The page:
Isolation: 65
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Title graphic: Frank Bridge: A Life in Brief
Isolation: 66

On an earlier occasion, Bridge had had other disagreeable things to say about Walton's music. Both Bridge's Third String Quartet and Walton's Façade were performed at the sixth festival of the ISCM at Siena during September 1928,11 and Bridge, writing to Mrs Coolidge, described the most newsworthy events in absorbing detail:

The concert at which a riot broke out - the Webern String Trio - was exciting while it lasted. I think it must have been anti-Viennese, although one sees that no Italian could hold himself in at a series of sounds that are entirely alien in their musical world, if indeed they are not equally alien to other nations. On the whole, the popular successes of the Festival were the works that broke no new ground whatsoever, and on the principle that the audience likes to feel flattered at recognizing rhythms and harmony that they consider should make music - in other words conventional music making them feel at home! - then, of course, one understands how it is.

One other incident occurred at the performance of 'Façade' by Walton - in the theatre. My own personal feelings happen to coincide with many of the foreigners in thinking this is concerned with a higher class cabaret and not much - if anything - to do with music itself. A great number of poems recited through a megaphone with accompanying music. Listening one heard no words and so one concentrated on the small orch[estra] which seemed to be performing stray items by the best jazz composers. About twenty or more numbers. All quite short. After ten of them - or thereabouts - subdued irritation began to show itself at the back of the stalls, and increased murmurs arose in the succeeding numbers. At the end of one number that ended rather abruptly, and before the murmurs of disapproval could begin, a voice called out 'Benino'! It was so ironical as to take the sting out of the antagonists who simply roared with laughter. On the whole a better way than that manifestation which followed on the von Webern Trio. At the same time it doesn't follow that a large percentage of that audience knew much about anything, although if I had come a long way for this Festival I should have felt pretty much the same at being presented with that entertainment. I am told many of the Sitwell poems in 'Façade' are first-rate, but as I couldn't hear them, or recognize more than half a dozen stray words, what could a foreigner get out [of] it? I got nothing, absolutely nothing.12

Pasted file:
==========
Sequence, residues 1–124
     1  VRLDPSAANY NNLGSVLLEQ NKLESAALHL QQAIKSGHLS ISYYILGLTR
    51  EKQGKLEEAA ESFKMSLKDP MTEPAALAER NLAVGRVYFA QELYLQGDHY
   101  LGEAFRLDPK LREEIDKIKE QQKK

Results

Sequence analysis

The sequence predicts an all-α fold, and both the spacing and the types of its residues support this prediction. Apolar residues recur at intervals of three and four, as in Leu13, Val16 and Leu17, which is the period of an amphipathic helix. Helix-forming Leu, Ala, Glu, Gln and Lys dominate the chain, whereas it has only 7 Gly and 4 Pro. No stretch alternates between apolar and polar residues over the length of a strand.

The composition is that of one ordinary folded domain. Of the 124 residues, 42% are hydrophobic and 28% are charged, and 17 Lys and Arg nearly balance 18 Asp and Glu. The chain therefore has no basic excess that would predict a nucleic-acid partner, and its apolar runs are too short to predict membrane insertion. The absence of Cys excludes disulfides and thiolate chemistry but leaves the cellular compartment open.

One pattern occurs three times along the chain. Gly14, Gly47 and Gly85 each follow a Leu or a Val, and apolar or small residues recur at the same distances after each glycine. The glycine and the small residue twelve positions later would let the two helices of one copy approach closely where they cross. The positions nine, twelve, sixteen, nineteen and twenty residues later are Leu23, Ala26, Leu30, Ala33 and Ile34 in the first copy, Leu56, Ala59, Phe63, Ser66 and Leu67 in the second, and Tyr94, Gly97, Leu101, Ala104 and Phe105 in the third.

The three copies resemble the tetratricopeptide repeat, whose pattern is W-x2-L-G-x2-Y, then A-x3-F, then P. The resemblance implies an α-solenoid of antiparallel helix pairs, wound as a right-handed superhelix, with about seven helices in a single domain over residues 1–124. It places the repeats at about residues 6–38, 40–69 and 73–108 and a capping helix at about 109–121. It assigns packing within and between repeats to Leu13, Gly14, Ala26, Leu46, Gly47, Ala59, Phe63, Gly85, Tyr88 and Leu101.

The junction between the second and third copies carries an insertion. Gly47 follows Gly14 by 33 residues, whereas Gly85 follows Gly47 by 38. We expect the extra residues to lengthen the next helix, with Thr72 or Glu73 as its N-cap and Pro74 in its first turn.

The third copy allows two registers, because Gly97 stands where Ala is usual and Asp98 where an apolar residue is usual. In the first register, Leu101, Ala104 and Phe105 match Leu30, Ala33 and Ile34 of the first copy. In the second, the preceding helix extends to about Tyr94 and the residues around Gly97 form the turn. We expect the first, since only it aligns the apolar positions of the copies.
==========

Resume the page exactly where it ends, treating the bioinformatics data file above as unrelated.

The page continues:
11 Berg served on the jury which chose the works for this festival, and his comment on Bridge's quartet, while back-handed, was not uncomplimentary: 'I have succeeded in causing Austria to be represented with dignity by Webern's Trio [Op 20] and the latest quartet [Third] by Zemlinsky. The members of the jury were perhaps not all aware that Zemlinsky can write a quartet movement not much worse than that by Bridge, that his inventive power is perhaps not less than that of Bloch, and that he is scarcely less up-to-date than Alfano, who mostly belong to those composers of whom two can he had for a penny'. Letter, Alban Berg to Arnold Schoenberg, 30 March 1928 (see M Carner: Alban Berg, Duckworth, 1975, p 67).
12 Letter, Frank Bridge to Elizabeth Sprague Coolidge, 28 September 1928.